So, day one and I instantly stopped smoking and sought out my friend Sue who was staying with me at the time to ensure I went through with it.  Right Sue!  I want to do this please.  "If I need a cigarette this week, I have to give you one pound for every cigarette I smoke and I will buy them from you at this price.  Next week, it is two pounds per cigarette, week three is four pounds, then eight and then sixteen".  I did buy one cigarette from her and paid sixteen pounds for it in that last week.  That was it, job done.

I calculated the money saved and bought a new mountain bike.  GT Talera from an old school friend of ours Mark Swindles who had a shop near the old fire station in England.  This served "Notice to Quit" on the two stone or so of flab I had acquired the previous two years.

Wednesday, March 21, 2012

Low season in "The Lak" Missing you already.

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Don't know who started calling Khao Lak "The Lak", but I first heard it from Trisha and was so impressed I use it all the time.  Not even sure if anyone other than us two coffee addicts call it that anyway.   Trish is away on travels but am sure will be back soon sitting with me outside the shop as we natter our way through 3 or 4 strong coffees of a morning.

Said good bye today to a few more friends who are leaving town.  Is it really the beginning of the end of High Season?  As most of the work here is seasonal, roughly November to April, we get used to hello's and good byes down the years.  Prior to the Tsunami in 2004 I had 3 seasons under my belt which entailed a lot of welcome parties, farewell parties..... Tooooooooo many in fact, and as I worked the off season in the South of France, the whole scene carried on and on.

I have always been excited by change and the end of the season, whether here or in France forced me into moving on.  Every time was, and still is,  just as exciting and I can just about feel the next bout of travel coming on. From my biking days right up to now, I loved nothing more than getting on the bike, bus, train plane, yacht and just heading off.  Planned Northern Thailand to catch up on Rugby playing mate and a trip over into Laos should just about be in the budget.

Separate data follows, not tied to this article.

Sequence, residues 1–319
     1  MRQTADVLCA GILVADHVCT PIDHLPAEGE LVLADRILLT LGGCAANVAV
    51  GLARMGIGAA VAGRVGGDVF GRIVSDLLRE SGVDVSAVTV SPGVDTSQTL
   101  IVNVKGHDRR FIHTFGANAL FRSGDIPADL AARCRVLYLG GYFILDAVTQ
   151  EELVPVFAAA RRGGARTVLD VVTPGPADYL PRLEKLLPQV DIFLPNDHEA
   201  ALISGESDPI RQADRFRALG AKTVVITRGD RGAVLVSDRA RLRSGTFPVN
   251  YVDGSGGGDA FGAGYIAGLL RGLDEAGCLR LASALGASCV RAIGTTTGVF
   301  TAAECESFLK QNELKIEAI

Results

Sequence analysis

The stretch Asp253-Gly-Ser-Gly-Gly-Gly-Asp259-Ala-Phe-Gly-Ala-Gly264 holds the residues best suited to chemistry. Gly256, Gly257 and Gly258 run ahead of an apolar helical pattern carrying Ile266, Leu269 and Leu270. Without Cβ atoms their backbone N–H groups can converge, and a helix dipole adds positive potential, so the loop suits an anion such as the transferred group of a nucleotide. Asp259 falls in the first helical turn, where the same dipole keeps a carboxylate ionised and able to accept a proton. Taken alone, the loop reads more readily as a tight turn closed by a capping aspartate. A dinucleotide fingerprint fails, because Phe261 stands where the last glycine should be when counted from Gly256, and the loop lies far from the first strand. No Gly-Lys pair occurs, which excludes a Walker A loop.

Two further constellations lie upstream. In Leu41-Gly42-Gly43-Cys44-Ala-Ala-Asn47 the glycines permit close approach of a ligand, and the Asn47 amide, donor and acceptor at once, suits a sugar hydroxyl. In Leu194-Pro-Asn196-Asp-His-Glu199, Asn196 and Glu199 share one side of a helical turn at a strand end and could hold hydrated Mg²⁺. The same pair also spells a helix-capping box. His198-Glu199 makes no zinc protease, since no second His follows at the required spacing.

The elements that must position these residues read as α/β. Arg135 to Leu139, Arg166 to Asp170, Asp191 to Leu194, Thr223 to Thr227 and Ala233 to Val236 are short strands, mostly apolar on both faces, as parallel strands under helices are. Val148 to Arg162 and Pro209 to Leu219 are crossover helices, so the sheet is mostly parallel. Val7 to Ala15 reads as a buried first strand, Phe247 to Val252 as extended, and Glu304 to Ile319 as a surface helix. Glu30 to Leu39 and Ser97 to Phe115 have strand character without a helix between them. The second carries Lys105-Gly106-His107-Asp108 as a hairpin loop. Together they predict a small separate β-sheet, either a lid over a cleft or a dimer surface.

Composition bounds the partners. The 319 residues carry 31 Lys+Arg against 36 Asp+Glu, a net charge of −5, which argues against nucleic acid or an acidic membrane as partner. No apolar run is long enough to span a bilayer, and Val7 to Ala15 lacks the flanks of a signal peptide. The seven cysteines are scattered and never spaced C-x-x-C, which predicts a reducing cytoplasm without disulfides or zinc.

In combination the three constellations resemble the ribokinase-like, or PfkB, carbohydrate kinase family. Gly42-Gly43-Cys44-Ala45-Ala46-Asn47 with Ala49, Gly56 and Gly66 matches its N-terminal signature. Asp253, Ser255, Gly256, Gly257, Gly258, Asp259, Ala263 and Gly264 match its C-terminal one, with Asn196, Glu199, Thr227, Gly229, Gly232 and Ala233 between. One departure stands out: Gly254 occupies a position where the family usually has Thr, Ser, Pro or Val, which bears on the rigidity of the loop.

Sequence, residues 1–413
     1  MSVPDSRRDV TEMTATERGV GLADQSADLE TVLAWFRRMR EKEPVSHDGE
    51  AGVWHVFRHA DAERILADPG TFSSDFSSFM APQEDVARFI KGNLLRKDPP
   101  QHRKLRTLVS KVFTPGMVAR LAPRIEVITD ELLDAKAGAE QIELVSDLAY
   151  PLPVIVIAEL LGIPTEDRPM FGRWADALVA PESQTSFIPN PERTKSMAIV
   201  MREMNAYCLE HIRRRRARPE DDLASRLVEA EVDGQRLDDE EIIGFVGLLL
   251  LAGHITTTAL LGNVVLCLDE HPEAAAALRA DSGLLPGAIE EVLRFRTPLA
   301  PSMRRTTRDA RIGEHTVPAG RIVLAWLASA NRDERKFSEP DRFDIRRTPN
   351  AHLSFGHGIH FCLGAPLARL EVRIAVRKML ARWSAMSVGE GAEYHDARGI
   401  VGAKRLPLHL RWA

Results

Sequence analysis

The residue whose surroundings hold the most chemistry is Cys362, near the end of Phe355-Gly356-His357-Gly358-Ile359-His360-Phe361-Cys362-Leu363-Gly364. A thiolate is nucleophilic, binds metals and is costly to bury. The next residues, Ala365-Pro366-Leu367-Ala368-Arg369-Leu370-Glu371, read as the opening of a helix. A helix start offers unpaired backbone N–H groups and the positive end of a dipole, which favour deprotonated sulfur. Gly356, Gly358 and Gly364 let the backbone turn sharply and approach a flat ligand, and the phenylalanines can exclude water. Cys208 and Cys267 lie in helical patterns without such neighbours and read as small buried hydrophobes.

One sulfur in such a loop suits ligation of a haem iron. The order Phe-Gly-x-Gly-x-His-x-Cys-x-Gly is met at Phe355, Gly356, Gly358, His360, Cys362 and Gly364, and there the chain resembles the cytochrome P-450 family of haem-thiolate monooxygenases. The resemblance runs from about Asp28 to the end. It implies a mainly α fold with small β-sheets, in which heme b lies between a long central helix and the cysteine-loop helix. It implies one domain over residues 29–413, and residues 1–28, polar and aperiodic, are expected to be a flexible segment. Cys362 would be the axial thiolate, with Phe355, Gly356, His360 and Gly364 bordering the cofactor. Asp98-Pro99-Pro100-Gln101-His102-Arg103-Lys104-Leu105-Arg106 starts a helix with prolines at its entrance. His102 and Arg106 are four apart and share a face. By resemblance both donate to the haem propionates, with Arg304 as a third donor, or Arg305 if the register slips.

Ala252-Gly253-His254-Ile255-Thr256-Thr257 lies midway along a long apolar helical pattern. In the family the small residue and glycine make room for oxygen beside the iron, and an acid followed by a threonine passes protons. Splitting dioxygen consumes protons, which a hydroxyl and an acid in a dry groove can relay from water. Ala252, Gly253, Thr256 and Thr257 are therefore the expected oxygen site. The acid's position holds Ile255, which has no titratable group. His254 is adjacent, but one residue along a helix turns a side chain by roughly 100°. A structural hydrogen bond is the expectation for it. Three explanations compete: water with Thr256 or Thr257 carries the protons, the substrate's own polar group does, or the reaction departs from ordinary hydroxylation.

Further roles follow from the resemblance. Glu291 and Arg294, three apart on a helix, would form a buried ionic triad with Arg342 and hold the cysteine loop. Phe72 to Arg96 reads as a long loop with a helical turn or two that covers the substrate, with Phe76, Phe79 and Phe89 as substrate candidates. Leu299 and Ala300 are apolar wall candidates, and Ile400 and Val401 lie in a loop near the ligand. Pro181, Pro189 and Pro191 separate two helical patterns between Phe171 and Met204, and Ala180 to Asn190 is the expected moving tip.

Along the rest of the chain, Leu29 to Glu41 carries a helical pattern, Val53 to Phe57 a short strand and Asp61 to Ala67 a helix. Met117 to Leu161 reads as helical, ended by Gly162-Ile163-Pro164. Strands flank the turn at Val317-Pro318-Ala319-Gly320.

So it's au revoir to Pastor Al, Karin, Dan and Kim.  We wish them all luck and follow their adventures on facebook.  Who knows, we may have a Canadian Division in the coming years.  I am so jealous as I would love to be back on the road.

We are looking forward now to the peace, tranquility and rain that will surely follow this incredible heat.  Had a few torrential downpours and storms this past week and soon this is set to become the norm.  Time to get out of Dodge and put in a few months travelling, see old friends....  and RELAX.

My friend Al, reports his weight once a week to his Church and as he is a pastor, I suggested he put it on the board with the hymn numbers. That way his congregation can make bets on his progress..... or otherwise  I should really sponsor a Shires Pies Board for the occasion.  "Pastor Al's weigh this week, courtesy of Shires Pies is :......."    Be great to see the collection plate full of betting slips instead of buttons.  Good luck anyway, and hope we are all together again for early breakfasts watching the Bang Niang sun rise.

All the best for the rest of the season, but will I ever be glad when it's over.  Must be age!

Tuesday, February 14, 2012

So many Ideas, So little time, even on Thai Time

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Gonna lose me ranking at this rate.

So much travelling around this past week, not seen the desk or the 43 posts I have almost ready to publish.  Looking back on them, I thought I  had it in the bag for the next few months.  Not to be.